Alistair Moffat

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Alistair Murray Moffat (born 16 June 1950, Kelso, Scotland) is a Scottish writer and journalist, former director of the Edinburgh Festival Fringe, and former Rector of the University of St Andrews.[1]

Education

Moffat was graduated from the University of St Andrews in 1972 with an honours degree in medieval history.[2] He also attended the University of Edinburgh and the University of London, where he earned a Master of Philosophy degree in 1975.[3][4]

Moffat was also active in student politics throughout his time at St Andrews, playing a leading role[citation needed] in the rectorial campaign of John Cleese,[5] who went on to become one of St Andrews' best loved rectors.[6]

At Edinburgh Moffat continued his involvement in student politics, campaigning with Gordon Brown,[citation needed] the second student elected rector of the University of Edinburgh.[7][8] Moffat and Brown went on to campaign on a number of social and political issues including gay rights and the 1979 Edinburgh South by-election.[citation needed]

Career

Edinburgh Festival Fringe

Moffat found early success after university, becoming Director of the Edinburgh Festival Fringe in 1976. Moffat's five-year tenure saw the festival grow into the largest arts festival on the world.[9]

STV

Moffat left the Fringe in 1981 and joined STV, where he rose to become programme director, Chief Executive of Network Production and finally Chairman of STV.[citation needed] In 1989 he was appointed to the NSG, the group that controls UK wide scheduling for ITV. He left STV in 1999 to focus on writing.[citation needed]

Writing

During the 1970s and early 1980s Moffat wrote a number of papers focusing on education policy.[citation needed] His approach, recommending a renewed focus on primary education as the key to widening participation at secondary and higher levels, has since formed parts of the education manifestos of all three major parties in Britain.[citation needed]

Moffat's writing since 1999 has been focused mainly in the field of social history. Beginning with The Edinburgh Fringe (1978), he has written over twenty books including the bestselling Tyneside, The Reivers and The Wall, all of which have since been remade as television series.[10]

Career after STV

Since leaving STV in 1999, Moffat has served as Director of the Borders Book Festival and Lennoxlove Book Festival, both of which he also founded. He has also maintained his interest in education, serving as Director of "Book Nation", a Scottish national literacy initiative, working alongside Sir Robert Winston and Margaret Drabble to improve literacy in Scotland.[citation needed]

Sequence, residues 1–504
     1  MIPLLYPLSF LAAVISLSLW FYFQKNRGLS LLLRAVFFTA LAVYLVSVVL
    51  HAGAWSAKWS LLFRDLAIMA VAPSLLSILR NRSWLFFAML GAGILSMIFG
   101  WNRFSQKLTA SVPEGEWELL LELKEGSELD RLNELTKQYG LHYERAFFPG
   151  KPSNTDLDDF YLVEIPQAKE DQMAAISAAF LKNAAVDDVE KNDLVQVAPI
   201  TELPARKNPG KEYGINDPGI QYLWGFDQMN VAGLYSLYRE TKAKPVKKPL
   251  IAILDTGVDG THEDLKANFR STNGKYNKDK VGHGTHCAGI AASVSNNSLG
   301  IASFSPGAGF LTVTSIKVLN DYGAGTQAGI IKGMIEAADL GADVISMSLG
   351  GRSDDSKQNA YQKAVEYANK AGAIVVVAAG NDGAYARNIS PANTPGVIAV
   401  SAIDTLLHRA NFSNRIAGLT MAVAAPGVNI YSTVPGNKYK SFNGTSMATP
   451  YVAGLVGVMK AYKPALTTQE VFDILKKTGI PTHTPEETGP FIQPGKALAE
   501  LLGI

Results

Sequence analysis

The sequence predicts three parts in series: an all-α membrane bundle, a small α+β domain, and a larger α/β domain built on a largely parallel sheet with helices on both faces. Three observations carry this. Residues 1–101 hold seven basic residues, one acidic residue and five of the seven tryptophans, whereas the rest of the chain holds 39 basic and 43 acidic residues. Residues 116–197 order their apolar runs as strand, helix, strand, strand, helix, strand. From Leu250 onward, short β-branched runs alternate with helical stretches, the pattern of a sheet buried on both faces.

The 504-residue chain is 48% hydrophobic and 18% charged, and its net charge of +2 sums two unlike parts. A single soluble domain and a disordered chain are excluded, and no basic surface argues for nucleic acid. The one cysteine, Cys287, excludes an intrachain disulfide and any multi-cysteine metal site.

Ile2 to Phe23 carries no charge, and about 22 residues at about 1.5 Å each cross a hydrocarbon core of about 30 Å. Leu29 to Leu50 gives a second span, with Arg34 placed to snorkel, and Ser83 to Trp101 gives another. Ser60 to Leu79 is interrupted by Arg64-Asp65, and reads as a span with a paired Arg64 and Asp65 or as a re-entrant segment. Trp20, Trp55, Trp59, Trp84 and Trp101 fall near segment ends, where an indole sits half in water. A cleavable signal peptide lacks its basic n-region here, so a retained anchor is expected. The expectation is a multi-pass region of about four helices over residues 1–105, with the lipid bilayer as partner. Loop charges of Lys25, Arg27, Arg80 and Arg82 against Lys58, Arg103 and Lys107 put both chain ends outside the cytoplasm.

On 28 October 2011, Moffat was elected Rector of the University of St Andrews. He was appointed for a three-year term, his period of office spanning the university’s 600th anniversary celebrations which ran from 2011 to 2013.[11]

BritainsDNA Controversy

Moffat was the chief executive of the company BritainsDNA, which offered genetic analyses of the mitochondrial DNA and Y chromosomal DNA of customers who interested in their ancestry. Moffat's management and promotion of the company generated much controversy and criticism from the scientific community due to his many extraordinary and scientifically unfounded claims;[12] his use of legal threats to stifle scientific criticism; and his misuse of media and celebrity contacts to promote his business interests.[12] Ultimately both the University of St Andrews and the BBC upheld complaints against him,[12] and BritainsDNA ceased trading in 2017.[12]

On the BBC Today Programme, Moffat made numerous incorrect statements, including that the company has discovered Eve's "grandson", that prices were "heavily subsidised", and that 97% of men surnamed Cohen share a common genetic marker.[13] Geneticists at University College London including David Balding and Mark G. Thomas criticised these claims [14] as having no scientific basis and being little more than genetic astrology.[15] Balding and Thomas wrote a series of emails to Moffat and his business partners, encouraging him to retract these inaccuracies. This was met by legal threats from Moffat to silence their criticism of the underlying science.[16] The content of these messages has been since published.[17] Moffat's claims were ultimately retracted by the chief scientist of BritainsDNA.[14]